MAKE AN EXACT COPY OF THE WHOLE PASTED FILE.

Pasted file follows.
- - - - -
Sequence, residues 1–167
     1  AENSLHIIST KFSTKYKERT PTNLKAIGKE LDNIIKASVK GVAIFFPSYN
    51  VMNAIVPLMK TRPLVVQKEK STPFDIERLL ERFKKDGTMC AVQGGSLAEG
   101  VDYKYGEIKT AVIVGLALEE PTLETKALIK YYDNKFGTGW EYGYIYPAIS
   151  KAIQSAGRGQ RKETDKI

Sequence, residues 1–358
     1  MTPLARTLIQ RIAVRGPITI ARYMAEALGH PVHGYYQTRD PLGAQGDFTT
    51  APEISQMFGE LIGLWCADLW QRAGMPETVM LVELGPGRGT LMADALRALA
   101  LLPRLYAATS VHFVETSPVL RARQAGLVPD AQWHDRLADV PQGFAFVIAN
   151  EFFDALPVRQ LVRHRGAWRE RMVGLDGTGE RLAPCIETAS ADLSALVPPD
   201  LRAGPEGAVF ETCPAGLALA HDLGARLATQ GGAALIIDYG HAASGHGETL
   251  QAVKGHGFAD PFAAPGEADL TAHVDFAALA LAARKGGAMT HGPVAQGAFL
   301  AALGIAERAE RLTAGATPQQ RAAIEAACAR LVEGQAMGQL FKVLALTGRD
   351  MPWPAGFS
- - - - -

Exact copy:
Sequence, residues 1–167
     1  AENSLHIIST KFSTKYKERT PTNLKAIGKE LDNIIKASVK GVAIFFPSYN
    51  VMNAIVPLMK TRPLVVQKEK STPFDIERLL ERFKKDGTMC AVQGGSLAEG
   101  VDYKYGEIKT AVIVGLALEE PTLETKALIK YYDNKFGTGW EYGYIYPAIS
   151  KAIQSAGRGQ RKETDKI

Sequence, residues 1–358
     1  MTPLARTLIQ RIAVRGPITI ARYMAEALGH PVHGYYQTRD PLGAQGDFTT
    51  APEISQMFGE LIGLWCADLW QRAGMPETVM LVELGPGRGT LMADALRALA
   101  LLPRLYAATS VHFVETSPVL RARQAGLVPD AQWHDRLADV PQGFAFVIAN
   151  EFFDALPVRQ LVRHRGAWRE RMVGLDGTGE RLAPCIETAS ADLSALVPPD
   201  LRAGPEGAVF ETCPAGLALA HDLGARLATQ GGAALIIDYG HAASGHGETL
   251  QAVKGHGFAD PFAAPGEADL TAHVDFAALA LAARKGGAMT HGPVAQGAFL
   301  AALGIAERAE RLTAGATPQQ RAAIEAACAR LVEGQAMGQL FKVLALTGRD
   351  MPWPAGFS